6. Ochiai T, Ito K, Okada T, et al; Significance of extensive Mongolian spots in Hunter's syndrome. Br J Dermatol. 2003 Jun;148(6):1173-8.
  7. Suzuki Y, Aoyama A, Kato T, et al; Retinitis pigmentosa and mucopolysaccharidosis type II: an extremely attenuated phenotype. J Inherit Metab Dis. 2009 Aug;32(4):582-3. Epub 2009 Jul 9.
  8. Ochiai T, Ito K, Shichino H, et al; Ultrastructural findings of cutaneous nerves in patients with Hunter's syndrome following hematopoietic stem cell transplant. Med Mol Morphol. 2005 Jun;38(2):118-22.
  9. Ito K, Ochiai T, Suzuki H, et al; The effect of haematopoietic stem cell transplant on papules with 'pebbly' appearance in Hunter's syndrome. Br J Dermatol. 2004 Jul;151(1):207-11.
  10. da Silva EM, Strufaldi MW, Andriolo RB, et al; Enzyme replacement therapy with idursulfase for mucopolysaccharidosis type II (Hunter syndrome). Cochrane Database Syst Rev. 2014 Jan 8;1:CD008185. doi: 10.1002/14651858.CD008185.pub3.
  11. Hong Y, Yu SS, Kim JM, et al; Construction of a high efficiency retroviral vector for gene therapy of Hunter's syndrome. J Gene Med. 2003 Jan;5(1):18-29.
  12. Raluy-Callado M, Chen WH, Whiteman DA, et al; The impact of Hunter syndrome (mucopolysaccharidosis type II) on health-related quality of life. Orphanet J Rare Dis. 2013 Jul 10;8:101. doi: 10.1186/1750-1172-8-101.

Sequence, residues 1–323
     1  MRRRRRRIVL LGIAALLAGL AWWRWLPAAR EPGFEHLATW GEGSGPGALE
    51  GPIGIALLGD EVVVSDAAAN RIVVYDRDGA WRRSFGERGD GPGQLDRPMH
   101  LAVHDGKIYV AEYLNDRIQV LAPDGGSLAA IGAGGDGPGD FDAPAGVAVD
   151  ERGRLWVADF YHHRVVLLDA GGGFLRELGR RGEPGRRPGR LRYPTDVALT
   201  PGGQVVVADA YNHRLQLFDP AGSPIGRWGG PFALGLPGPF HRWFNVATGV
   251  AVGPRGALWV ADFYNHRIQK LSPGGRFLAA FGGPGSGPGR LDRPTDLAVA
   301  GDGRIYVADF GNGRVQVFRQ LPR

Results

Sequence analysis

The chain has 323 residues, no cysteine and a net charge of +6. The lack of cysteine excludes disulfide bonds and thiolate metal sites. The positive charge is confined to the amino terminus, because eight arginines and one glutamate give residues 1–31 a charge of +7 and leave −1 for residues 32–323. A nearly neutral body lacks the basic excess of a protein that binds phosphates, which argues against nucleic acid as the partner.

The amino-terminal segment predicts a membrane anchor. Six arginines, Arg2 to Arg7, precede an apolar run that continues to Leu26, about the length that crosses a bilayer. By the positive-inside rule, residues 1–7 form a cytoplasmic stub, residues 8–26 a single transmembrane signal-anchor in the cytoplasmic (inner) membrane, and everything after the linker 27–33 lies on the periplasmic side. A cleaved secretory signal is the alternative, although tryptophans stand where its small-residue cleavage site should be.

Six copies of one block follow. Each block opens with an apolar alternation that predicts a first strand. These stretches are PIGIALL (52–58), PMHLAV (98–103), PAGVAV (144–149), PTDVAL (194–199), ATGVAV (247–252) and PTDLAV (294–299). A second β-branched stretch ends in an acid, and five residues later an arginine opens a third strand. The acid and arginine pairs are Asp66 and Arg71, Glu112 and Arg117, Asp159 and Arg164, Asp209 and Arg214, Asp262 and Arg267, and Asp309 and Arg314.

13. Gajula P, Ramalingam K, Bhadrashetty D; A rare case of mucopolysaccharidosis: Hunter syndrome. J Nat Sci Biol Med. 2012 Jan;3(1):97-100. doi: 10.4103/0976-9668.95984.
  14. MPS Disorders; East Carolina University
  15. Jones SA, Almassy Z, Beck M, et al; Mortality and cause of death in mucopolysaccharidosis type II-a historical review based on data from the Hunter Outcome Survey (HOS). J Inherit Metab Dis. 2009 Aug;32(4):534-43. Epub 2009 Jul 14.

Disclaimer: This article is for information only and should not be used for the diagnosis or treatment of medical conditions. EMIS has used all reasonable care in compiling the information but make no warranty as to its accuracy. Consult a doctor or other health care professional for diagnosis and treatment of medical conditions. For details see our conditions.

Original Author:
Dr Gurvinder Rull
Current Version:
Peer Reviewer:
Dr Helen Huins
Document ID:
2277 (v22)
Last Checked:
20/08/2014
Next Review:
19/08/2019